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Greece’s first female president sworn in

ATHENS: Greece’s first female president, a former high court judge, was formally sworn in office on Friday, nearly two months after the country’s parliament voted overwhelmingly to elect her.
The swearing-in ceremony for Ekaterini Sakellaropoulou, 63, took place in an almost empty parliament, as part of measures to prevent the spread of the new coronavirus. Only a handful of officials and a limited number of journalists were present. The ceremony was being covered live on state television.
After the swearing-in, Sakellaropoulou lay a wreath at the Tomb of the Unknown Soldier in the square outside parliament, before a presidential guard of honour. A small crowd gathered to watch despite warning about the virus, standing behind a security cordon across the street.
The new president headed the Council of State, the country’s highest administrative court, since 2018. She takes over the five-year presidency from veteran conservative politician Prokopis Pavlopoulos.
In a brief speech at the presidential palace, Sakellaropoulou spoke of the battle against the coronavirus and the recent migration crisis as the country’s two main challenges.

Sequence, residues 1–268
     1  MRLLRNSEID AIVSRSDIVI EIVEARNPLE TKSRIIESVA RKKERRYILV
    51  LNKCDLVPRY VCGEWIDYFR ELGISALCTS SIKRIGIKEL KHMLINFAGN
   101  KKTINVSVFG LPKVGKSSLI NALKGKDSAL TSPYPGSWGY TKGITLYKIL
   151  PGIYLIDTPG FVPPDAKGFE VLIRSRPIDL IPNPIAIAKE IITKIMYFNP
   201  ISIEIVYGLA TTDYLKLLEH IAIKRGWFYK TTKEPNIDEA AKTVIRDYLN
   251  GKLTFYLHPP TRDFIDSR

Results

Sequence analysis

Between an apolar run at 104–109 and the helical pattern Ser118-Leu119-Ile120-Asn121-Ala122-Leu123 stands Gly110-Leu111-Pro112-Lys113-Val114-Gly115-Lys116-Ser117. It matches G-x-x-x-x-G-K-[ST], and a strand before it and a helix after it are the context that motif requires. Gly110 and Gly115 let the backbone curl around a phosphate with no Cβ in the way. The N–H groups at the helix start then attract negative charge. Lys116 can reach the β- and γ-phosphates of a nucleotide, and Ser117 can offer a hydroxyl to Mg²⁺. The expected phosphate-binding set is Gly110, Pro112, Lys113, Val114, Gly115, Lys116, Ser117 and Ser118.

Greece must continue to adhere to its democratic principles and the state of law, moving towards “a future of prosperity that will have room for us all”, she said.
In a clear reference to neighbouring Turkey, Sakellaropoulou said Greece was being called on to “thwart the aggression of those who, using human pain, want to harm our national sovereignty”.
Turkey recently declared its borders to Europe were open, and encouraged thousands of refugees and other migrants to enter Greece. There have been frequent clashes with Greek border guards.
Sakellaropoulou said Greece must “secure the integrity of our borders while also defending and fulfilling our humanitarian duty toward defenceless and desperate people; a difficult but not impossible equation”. She called on all Greeks to strictly adhere to all guidance given by health authorities to prevent the spread of the coronavirus.
Prime Minister Kyriakos Mitsotakis has nominated Sakellaropoulou as a non-partisan candidate who would enjoy broad support from across the political spectrum.
All big parties voted in favour, with Sakellaropoulou being elected to the largely ceremonial post in a 261-33 vote in January, well above the 200 votes required. Six legislators were absent.
Greece has a low number of women in senior positions in politics, and Mitsotakis had been criticised for selecting a nearly all-male cabinet after he won general elections in July 2019. In the current Greek cabinet, all but one of the 18 senior positions are held by men.
“I hope that the election of a woman for the first time to the highest position of the country will improve the position of all women in the country, both in the family and in society,” Sakellaropoulou said.
“It is time for the women of this country to realise that they can attain their dreams, on their own merits, without facing obstacles simply because they were born women.”
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